The Sud-Ouest SO.1221 Djinn (alternatively written S.O.1221) is a French two-seat light helicopter designed and manufactured by aircraft manufacturer Sud-Ouest (SNCASO), which was later merged into Sud Aviation. It was the first production French helicopter, as well as being one of the first practical European helicopters to be produced. The Djinn was also the first rotorcraft to harness tip-jet propulsion to enter production.
The Djinn was developed to function as a practical implementation of the earlier experimental Sud-Ouest Ariel rotorcraft. Atypically, the rotor was driven by compressed-air jets at the end of each blade, which had the benefit of eliminating the need for an anti-torque tail rotor.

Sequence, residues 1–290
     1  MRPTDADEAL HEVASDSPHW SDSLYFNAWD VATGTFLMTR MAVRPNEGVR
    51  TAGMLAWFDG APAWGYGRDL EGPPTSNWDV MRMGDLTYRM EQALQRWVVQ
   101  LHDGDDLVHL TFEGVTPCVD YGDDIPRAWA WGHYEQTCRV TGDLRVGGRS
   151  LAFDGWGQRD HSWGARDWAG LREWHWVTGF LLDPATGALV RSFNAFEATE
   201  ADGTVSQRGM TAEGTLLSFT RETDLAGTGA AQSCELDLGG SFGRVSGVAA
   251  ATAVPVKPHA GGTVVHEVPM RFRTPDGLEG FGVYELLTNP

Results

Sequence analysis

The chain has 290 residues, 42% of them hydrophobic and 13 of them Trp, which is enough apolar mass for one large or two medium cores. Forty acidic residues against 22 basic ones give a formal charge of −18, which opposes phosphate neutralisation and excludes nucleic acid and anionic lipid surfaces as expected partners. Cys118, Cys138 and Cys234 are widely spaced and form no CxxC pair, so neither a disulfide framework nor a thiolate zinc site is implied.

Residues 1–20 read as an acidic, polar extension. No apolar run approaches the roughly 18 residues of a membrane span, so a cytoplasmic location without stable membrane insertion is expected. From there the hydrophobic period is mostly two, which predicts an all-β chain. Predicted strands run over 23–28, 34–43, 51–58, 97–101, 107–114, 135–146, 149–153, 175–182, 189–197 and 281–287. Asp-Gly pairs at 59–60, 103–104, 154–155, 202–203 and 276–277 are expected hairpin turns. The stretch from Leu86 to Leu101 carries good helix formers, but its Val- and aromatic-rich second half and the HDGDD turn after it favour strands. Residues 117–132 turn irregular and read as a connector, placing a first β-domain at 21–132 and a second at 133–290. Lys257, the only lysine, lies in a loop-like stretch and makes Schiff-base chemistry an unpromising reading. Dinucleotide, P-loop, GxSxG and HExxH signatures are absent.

On 2 January 1953, the proof-of-concept SO.1220 performed its maiden flight; it was followed by the first of the SO.1221 Djinn prototypes on 16 December 1953. During the subsequence test program, one of the prototypes was recorded as having achieved a world altitude record.
Having been suitably impressed by the performance of the Djinn during testing, both the French Army and the German Army chose to procure the type, as well as a number of other customers.
Operationally, the type was used for various purposes, including liaison, aerial observation, training, and casualty evacuation.
The Djinn was phased out of production during the 1960s as a consequence of the greater success of the comparably more conventional Aérospatiale Alouette II and Aérospatiale Alouette III helicopters.